I have a problem. And well, it’s not okay for you to do nothing.

Blessed is he whose help is the God of Jacob,
whose hope is in the Lord his God,
the Maker of heaven and earth,
the sea, and everything in them,
the Lord, who remains faithful forever.
He upholds the causes of the oppressed
and gives food to the hungry.
The Lord sets prisoners free.

(Psalm 146)

I have a problem.

A big one.

A really big one.

It is, as Steve Moakler so eloquently sings, to do with my crooked heart.

I’m just trying to walk a straight line with a crooked heart inside. I don’t do what I want to, but I want to all the time.

I think we’ve all got one, a crooked heart that is.

And a problem. Because of it.

We know the good we should do, the good that sometimes burns within us to be done, the good that convicts us when we read news stories, or hear real stories, or have something placed directly in front of our eyes… But yet we somehow just, can’t, quite, get, around, to, doing, it.

We have this Almighty God, who is moved by the stories and the brokenness of the poor and the oppressed and excluded. He who is the Maker of everything. He who holds all things together. He who is both Creator and Redeemer.

He whose eternal-fire-blazing-heart longs to set people free and raise the broken from the forgotten places.

And me? Well, my fallen-solid-broken-crooked-heart prevents me so, so often from truly engaging with other people.

Or as Jesus put it, ‘My neighbour’.

Not just the ones I like, the ones who I choose to live next door to and the ones whose behaviour I approve of.

But the ones who are far away, the ones who are unknown, and sometimes unlikeable, and whose behaviour I often just can’t stomach.



Feeling uncomfortable yet? Because I am.

You know, a couple of weeks ago I realised something.

I’m pretty weak.

I’m talking about physically for a moment.

A few years ago I had really good upper body strength for a tiny-girl and could actually lift… stuff. But now, after 9 months of living in Japan and doing no more than running a couple of times a week, I’m a weedy-weakling-who-struggles-to-carry-her-own-Taylor-through-town.

My fitness is okay. But my strength, is pathetic.

So I had this realisation, and decided that I should probably do something about it before my muscles gave up the ghost completely and I actually struggled to lift my venti-Starbucks-each-day (first-world-problems).

My solution? To reintegrate press-ups into my daily routine. Not the weedy-girly-press-ups, but the real-life-man-press-ups that I used to be able to do about 50 of no problem.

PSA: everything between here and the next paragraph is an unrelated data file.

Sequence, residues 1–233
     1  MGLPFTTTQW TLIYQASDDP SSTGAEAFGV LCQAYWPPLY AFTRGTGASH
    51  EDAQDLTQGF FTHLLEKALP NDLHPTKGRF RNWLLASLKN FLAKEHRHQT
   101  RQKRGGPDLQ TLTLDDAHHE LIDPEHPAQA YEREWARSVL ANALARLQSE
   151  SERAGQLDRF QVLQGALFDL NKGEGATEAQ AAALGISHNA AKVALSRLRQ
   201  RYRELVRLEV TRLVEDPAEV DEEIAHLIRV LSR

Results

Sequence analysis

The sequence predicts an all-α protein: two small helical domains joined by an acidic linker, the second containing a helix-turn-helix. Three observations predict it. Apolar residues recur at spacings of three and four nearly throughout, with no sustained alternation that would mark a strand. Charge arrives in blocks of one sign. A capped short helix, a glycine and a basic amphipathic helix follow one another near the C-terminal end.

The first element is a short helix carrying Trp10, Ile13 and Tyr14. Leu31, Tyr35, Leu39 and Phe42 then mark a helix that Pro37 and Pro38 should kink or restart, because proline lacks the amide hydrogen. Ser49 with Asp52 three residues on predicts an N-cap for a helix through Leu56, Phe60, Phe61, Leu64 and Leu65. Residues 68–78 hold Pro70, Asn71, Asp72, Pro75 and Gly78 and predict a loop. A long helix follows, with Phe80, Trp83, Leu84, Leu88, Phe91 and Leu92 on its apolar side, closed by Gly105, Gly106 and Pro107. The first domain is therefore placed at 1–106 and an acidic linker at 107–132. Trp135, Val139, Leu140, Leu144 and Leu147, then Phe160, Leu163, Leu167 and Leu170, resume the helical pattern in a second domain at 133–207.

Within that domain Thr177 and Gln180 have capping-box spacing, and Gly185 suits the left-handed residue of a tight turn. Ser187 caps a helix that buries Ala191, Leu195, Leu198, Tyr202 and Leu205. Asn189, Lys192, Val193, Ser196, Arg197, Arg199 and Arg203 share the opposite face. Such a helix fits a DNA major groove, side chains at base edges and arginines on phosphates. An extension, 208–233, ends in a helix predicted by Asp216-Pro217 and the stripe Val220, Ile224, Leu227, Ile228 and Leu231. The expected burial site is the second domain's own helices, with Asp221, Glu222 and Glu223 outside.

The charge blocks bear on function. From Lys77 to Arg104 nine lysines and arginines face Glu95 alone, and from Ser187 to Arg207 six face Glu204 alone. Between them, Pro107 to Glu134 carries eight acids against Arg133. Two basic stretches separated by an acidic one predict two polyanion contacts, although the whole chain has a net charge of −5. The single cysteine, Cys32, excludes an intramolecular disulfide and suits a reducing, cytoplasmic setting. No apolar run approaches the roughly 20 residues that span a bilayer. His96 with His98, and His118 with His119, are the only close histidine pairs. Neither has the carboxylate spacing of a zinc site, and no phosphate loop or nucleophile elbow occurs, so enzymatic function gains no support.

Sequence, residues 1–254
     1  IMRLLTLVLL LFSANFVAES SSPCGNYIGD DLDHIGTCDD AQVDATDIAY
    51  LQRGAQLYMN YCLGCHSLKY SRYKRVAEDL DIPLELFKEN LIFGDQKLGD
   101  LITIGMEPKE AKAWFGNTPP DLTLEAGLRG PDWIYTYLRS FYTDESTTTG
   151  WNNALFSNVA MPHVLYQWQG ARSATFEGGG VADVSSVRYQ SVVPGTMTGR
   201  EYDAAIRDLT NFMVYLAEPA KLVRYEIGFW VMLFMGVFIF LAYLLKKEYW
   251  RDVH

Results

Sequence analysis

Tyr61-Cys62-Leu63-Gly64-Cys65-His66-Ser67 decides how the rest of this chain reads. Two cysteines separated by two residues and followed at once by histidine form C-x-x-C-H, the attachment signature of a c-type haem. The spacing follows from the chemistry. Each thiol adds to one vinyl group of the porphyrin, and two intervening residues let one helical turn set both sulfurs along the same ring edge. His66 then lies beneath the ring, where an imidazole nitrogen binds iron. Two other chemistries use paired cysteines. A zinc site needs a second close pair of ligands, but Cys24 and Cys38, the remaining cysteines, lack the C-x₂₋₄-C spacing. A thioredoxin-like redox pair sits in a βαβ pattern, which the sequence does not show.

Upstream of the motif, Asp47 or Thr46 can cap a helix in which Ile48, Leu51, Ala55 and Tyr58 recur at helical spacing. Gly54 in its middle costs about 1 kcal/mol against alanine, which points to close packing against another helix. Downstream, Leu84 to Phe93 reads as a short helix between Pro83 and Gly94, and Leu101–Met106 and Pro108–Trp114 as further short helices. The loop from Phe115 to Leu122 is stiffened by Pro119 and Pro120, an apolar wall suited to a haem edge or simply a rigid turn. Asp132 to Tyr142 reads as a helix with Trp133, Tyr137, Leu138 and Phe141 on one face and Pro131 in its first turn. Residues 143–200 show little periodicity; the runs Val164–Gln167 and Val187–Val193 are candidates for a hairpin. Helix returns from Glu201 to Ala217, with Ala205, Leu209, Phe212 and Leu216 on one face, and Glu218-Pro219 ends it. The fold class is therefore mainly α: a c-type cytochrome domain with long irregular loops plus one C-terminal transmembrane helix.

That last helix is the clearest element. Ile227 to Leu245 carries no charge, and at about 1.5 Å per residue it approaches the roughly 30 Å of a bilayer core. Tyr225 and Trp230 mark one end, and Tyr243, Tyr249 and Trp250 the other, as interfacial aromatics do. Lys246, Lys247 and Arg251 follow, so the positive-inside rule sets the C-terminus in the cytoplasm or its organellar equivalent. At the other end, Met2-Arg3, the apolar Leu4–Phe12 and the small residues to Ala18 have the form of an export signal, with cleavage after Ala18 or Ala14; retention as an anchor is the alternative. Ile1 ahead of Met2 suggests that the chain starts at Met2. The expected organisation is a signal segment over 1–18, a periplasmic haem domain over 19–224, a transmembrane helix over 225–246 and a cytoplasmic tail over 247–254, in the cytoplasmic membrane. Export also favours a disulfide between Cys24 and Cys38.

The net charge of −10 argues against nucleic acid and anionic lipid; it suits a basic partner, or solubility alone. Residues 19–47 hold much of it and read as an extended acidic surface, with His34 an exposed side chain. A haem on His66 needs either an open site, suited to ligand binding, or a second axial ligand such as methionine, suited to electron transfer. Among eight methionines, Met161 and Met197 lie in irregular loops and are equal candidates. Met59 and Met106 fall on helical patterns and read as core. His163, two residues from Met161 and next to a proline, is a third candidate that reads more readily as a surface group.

Mmmm… How do I say this?

I can’t do 50 anymore.

In fact, two weeks ago, I am ashamed to admit that I struggled to do 10 press-ups.

It. Was. So. Incredibly. Painful.

For my body. For my pride. For everything.

But I started with 10. Every day. And then 20. Every day. And now… It’s getting a bit better.

So that’s my body.

My crooked heart is a way bigger problem.

And sometimes it hits me suddenly that my spiritual strength is… Pretty pathetic. Now please understand me. I’m all for grace. I’m putting my whole future on the fact that grace is real and true and everything, and I’m confident that Jesus loves me and is moved by me, and us, even in our weakness.

But, that doesn’t justify my laziness. It doesn’t justify our deliberate laziness.

Grace is costly stuff.

So for me, it often looks a bit like this.

I’d rather have mindless-fun with my friends than have meaningful-conversations with my friends (I don’t, but the way, think either is mutually exclusive ;)).

I’m more moved by watching ‘The Fault in Our Stars’ than I am by the stories of real-life young people.

In fact, sometimes I’d rather watch movies than pray.

I mean, I considered that it was possible I got more excited about the new Avengers movie than a prayer meeting.

I’d rather spend my money on clothes than helping the poor.

I’m very-regularly more concerned with dwelling on my own regrets, or selfish-hopes, or ‘stuff’ than I am thinking about other people.

Sometimes I’d rather worry about anything at all, rather than trust the God who has already made all the promises.

I consider the appearance of my face more than the appearance of my heart.